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Harry Ransom Center announces first photograph to travel to Europe for first time in 50 years
Rediscovered in 1952 by photohistorians Helmut and Alison Gernsheim, the known image of the First Photograph was retouched prior its international release. Joseph Nicéphore Niépce's View from the Window at Le Gras. c. 1826. Gernsheim Collection Harry Ransom Center / University of Texas at Austin.
AUSTIN, TX.- The first photograph will be loaned, along with 119 other images and photography-related items from the Harry Ransom Center's Gernsheim collection, to the Reiss Englehorn Museum in Mannheim, Germany, for the exhibition "The Birth of Photography-Highlights of the Helmut Gernsheim Collection." The exhibition runs from Sept. 9 through Jan. 6, 2013.

The first photograph has been removed from display at the Ransom Center to be prepared for its departure in July. The first photograph will be back on display at the Ransom Center in February 2013.

The first photograph was acquired by the Ransom Center, a humanities research library and museum at The University of Texas at Austin, as part of the Gernsheim collection from Helmut and Alison Gernsheim in 1963. Taken in 1826 or 1827, Joseph Nicéphore Niépce’s "View from the Window at Le Gras" depicts the view from an upstairs window at Niépce’s estate, Le Gras, which is in the Burgundy region of France. Niépce’s photograph represents the foundation of today’s photography, film and other media arts.

After being displayed in London exhibitions around the turn of the 20th century, Niépce’s photograph lay in obscurity for half a century. In 1952 the photography historian and collector Helmut Gernsheim established the plate’s history and approached the widow of the heliograph’s last owner, who had left it, forgotten. Through Gernsheim’s scholarship and detective work, his rediscovery returned Niépce to his rightful place as the inventor of photography.

The first photograph forms the cornerstone of Helmut Gernsheim’s photographic collection, which was the largest in the world when the Ransom Center acquired it in 1963. The Gernsheim collection is one of the seminal collections in the United States of the history of photography and contains an unparalleled range of more than 35,000 images. Its encyclopedic scope—as well as the expertise with which the Gernsheims assembled the collection — makes the Gernsheim collection one of the world's premier sources for the study and appreciation of photography.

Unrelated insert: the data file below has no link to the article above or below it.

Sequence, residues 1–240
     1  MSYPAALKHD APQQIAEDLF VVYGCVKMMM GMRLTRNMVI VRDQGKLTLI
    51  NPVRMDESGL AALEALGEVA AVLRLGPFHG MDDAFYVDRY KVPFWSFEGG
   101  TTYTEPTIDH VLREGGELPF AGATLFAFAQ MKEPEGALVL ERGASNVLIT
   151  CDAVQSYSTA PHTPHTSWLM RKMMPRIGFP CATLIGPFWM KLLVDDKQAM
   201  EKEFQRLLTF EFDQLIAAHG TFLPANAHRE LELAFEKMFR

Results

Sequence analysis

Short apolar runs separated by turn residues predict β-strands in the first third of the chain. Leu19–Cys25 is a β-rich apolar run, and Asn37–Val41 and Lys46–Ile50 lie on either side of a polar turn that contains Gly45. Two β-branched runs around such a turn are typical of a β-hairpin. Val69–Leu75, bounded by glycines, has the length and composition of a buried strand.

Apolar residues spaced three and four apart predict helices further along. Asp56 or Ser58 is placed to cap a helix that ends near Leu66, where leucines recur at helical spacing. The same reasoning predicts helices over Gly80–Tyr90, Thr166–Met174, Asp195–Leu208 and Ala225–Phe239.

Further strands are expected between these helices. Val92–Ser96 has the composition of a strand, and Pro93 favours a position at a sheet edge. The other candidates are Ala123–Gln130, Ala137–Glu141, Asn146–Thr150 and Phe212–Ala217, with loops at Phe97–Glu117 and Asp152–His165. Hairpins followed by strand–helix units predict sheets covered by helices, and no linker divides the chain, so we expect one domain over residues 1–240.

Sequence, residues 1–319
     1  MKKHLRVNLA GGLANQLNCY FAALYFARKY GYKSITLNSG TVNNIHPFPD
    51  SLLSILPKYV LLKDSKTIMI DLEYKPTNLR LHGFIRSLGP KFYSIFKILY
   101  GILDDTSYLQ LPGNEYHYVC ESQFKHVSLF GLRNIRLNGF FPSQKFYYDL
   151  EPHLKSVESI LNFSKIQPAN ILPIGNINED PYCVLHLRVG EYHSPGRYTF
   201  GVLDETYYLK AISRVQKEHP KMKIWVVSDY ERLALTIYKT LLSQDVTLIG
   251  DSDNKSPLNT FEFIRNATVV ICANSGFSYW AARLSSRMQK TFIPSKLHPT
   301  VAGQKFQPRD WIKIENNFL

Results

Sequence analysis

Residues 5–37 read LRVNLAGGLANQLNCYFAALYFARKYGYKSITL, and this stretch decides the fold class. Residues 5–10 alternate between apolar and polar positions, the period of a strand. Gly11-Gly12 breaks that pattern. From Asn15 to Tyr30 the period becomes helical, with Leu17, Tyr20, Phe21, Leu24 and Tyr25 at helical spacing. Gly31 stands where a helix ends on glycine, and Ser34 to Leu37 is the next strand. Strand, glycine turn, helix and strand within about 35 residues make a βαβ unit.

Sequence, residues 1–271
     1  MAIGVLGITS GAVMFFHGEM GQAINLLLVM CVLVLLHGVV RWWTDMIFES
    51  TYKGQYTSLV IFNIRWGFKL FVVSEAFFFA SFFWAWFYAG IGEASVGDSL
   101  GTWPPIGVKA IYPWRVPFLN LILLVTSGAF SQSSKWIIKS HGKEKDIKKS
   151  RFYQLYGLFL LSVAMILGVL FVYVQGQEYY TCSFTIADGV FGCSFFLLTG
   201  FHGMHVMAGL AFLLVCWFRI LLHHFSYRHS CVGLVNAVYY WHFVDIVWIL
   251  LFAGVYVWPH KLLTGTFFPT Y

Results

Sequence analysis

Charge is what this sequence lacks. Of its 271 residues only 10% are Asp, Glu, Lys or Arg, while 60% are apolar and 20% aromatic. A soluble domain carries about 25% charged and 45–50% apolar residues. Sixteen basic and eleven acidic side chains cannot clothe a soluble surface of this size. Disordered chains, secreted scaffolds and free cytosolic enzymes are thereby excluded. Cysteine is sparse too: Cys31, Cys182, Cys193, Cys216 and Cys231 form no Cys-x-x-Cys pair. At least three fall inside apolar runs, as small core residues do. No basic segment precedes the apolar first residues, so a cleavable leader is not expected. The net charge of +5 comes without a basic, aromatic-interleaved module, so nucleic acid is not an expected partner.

In 2002, the Forum International Photographie at the Reiss Engelhorn Museum acquired Gernsheim's later collection of contemporary photography, along with his own photographs and archive. For the first time in half a century, major portions of both Gernsheim collections are being reunited: the historical material housed in the Ransom Center and the contemporary collection in the Forum International Photographie at the Reiss Engelhorn Museum.

The first photograph has been loaned three times since the Ransom Center's acquisition in 1963, and it has been on permanent display in the Center's lobby since the Center's renovation in 2003. This is the first time in more than 50 years that the first photograph will be on display in Europe.

While the first photograph is on loan, the photographic print "View from the Window at Le Gras, 1826, 2009" by Adam Schreiber will occupy the display in the Ransom Center's lobby. The photograph depicts the Niepce plate in situ in the museum display, as photographed by Schreiber in 2009. Schreiber is a member of the Lakes Were Rivers artist collective, a group of artists who work primarily in photography and video. In summer 2013, the Ransom Center will host an exhibition in which members of the collective will display their original works paired with Ransom Center collection material that inspired them.





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